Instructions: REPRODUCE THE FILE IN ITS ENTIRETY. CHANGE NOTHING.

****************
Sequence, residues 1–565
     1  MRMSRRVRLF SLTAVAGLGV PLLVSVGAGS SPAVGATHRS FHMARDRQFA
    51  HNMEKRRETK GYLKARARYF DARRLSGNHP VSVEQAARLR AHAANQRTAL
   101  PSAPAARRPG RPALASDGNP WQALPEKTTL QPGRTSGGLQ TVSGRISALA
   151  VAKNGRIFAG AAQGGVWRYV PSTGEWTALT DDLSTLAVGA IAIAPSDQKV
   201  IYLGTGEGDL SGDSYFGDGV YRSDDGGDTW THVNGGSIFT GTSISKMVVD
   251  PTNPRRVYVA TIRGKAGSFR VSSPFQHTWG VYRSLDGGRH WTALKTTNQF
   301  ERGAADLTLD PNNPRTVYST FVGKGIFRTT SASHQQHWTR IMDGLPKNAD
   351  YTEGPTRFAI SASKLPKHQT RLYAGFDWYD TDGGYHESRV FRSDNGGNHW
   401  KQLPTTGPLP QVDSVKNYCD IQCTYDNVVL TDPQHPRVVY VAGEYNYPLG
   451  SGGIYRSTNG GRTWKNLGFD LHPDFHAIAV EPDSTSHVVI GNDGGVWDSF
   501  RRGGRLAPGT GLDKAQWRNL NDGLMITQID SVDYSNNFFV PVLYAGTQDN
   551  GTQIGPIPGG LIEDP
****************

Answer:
Sequence, residues 1–565
     1  MRMSRRVRLF SLTAVAGLGV PLLVSVGAGS SPAVGATHRS FHMARDRQFA
    51  HNMEKRRETK GYLKARARYF DARRLSGNHP VSVEQAARLR AHAANQRTAL
   101  PSAPAARRPG RPALASDGNP WQALPEKTTL QPGRTSGGLQ TVSGRISALA
   151  VAKNGRIFAG AAQGGVWRYV PSTGEWTALT DDLSTLAVGA IAIAPSDQKV
   201  IYLGTGEGDL SGDSYFGDGV YRSDDGGDTW THVNGGSIFT GTSISKMVVD
   251  PTNPRRVYVA TIRGKAGSFR VSSPFQHTWG VYRSLDGGRH WTALKTTNQF
   301  ERGAADLTLD PNNPRTVYST FVGKGIFRTT SASHQQHWTR IMDGLPKNAD
   351  YTEGPTRFAI SASKLPKHQT RLYAGFDWYD TDGGYHESRV FRSDNGGNHW
   401  KQLPTTGPLP QVDSVKNYCD IQCTYDNVVL TDPQHPRVVY VAGEYNYPLG
   451  SGGIYRSTNG GRTWKNLGFD LHPDFHAIAV EPDSTSHVVI GNDGGVWDSF
   501  RRGGRLAPGT GLDKAQWRNL NDGLMITQID SVDYSNNFFV PVLYAGTQDN
   551  GTQIGPIPGG LIEDP